Forgive me for being unAmerican but our great American game bores me. Couldn't you soft-pedal baseball just a bit. There must be a few people lurking in cellars who feel as I do.
LEWIS B. ABRONSKI
Upper Darby, Penn.
Too much baseball. No one sport deserves that much space ever.
L. W. SHERWOOD
?Softly, please, you're speaking of the game we love.—ED.
I THINK YOU'RE WRONG
You state that the alltime American League batting champion was Nap Lajoie with a .422 in 1901 when playing for the Philadelphia A's. I think this is wrong and you should have said that it was George Sisler of the St. Louis Browns with a .420 in 1922.
LEWIS C. POPHAM III
Quogue, Long Island
?Up to 1955 all record books gave Lajoie's 1901 batting average as .405. Last year a diligent researcher showed that an early typographical error reduced Nappy's real batting average of .422, higher than Ty Cobb's and George Sisler's .420.—ED.
SEVEN HITS AND NO RUN?
In Facts for 40 Arguments you had a puzzler concerning the number of hits possible (six) in any single inning without scoring a run. Now this is a little silly but strange things can happen. Suppose that all goes as SI explained up to the sixth hit in which a legitimate single is hit, and the runner comes in from third but steps over the plate instead of touching it. Because of the excitement and dust around the plate, no one but the umpire notices this. A new batter comes up, the seventh, and while he makes a legitimate single (the seventh hit) someone in the audience informs the catcher that the runner did not touch the plate, the catcher tags the previous batter, thus retiring the side before the next man from third get in. The side would be retired with seven hits and no run because the umpire has called the third out. No?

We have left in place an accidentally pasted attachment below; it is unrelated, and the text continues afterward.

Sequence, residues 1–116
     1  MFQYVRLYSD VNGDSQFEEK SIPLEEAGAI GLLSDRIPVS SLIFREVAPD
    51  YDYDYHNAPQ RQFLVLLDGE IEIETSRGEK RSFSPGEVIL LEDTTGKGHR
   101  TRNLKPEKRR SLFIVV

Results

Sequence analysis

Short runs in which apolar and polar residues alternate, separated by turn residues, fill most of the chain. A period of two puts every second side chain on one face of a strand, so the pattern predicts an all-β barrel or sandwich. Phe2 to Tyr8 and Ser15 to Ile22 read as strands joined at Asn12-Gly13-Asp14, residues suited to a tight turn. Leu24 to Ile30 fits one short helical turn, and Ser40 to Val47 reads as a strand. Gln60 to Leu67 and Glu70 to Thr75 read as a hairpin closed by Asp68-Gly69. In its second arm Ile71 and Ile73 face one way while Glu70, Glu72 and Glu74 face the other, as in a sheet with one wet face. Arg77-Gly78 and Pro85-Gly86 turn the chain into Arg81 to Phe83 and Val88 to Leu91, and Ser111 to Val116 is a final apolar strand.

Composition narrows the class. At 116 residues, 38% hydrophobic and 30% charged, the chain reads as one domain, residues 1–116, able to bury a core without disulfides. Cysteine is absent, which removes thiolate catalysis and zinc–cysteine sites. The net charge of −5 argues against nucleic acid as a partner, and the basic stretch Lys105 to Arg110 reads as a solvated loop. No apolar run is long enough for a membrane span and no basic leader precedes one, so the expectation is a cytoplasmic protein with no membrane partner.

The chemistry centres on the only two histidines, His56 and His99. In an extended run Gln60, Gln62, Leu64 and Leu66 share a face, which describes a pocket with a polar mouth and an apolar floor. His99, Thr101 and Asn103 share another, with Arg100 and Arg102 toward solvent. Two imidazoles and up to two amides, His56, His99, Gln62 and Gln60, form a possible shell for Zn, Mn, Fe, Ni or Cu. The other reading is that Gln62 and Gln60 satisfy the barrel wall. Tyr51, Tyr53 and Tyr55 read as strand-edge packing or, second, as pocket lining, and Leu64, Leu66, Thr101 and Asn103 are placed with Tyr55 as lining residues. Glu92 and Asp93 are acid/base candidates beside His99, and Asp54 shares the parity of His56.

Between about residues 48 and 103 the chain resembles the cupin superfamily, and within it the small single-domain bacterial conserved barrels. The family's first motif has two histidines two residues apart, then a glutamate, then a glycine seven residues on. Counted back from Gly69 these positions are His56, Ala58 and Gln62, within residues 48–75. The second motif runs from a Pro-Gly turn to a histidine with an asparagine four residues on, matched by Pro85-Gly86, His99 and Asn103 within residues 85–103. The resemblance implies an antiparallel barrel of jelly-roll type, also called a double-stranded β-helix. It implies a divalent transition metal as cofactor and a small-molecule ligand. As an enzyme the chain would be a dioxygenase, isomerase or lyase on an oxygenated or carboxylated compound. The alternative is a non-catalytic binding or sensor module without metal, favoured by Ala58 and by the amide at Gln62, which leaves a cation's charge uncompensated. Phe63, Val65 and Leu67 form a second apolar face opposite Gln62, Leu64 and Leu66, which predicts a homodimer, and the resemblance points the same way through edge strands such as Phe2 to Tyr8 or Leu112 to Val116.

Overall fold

HENRY D. FRAZIER
?No. Strange things can happen in baseball, but this is not one of them—for two reasons: Section 7.10 (d) of the official rules states that once a subsequent batter has been pitched to, an appeal cannot be made from an earlier play. Secondly, the catcher would not tag the previous batter but the erring runner or home plate.—ED.
Jemail's HOTBOX made it appear that both the St. Louis Cardinals and Baltimore Orioles are expecting the same young catcher, Hal Smith, to be the man to watch on their ball club this season.
ROBERT C. GAGEN JR.
?There are two up-and-coming Hal Smiths in the majors. Harold Wayne Smith of the Orioles did a good job as regular catcher last season. Harold Smith, of the Cardinals, also a catcher, is a rookie this year.—ED.
THE GREAT McGRAW
Your question "Has a major league game ever been forfeited?" stirs up recollections. Some 50 years ago the New York Giants forfeited a game. There was a large crowd at the Polo Grounds, and the teams were ready to play. But the great John McGraw had denied the umpires, with whom he had been feuding, entrance to the Grounds!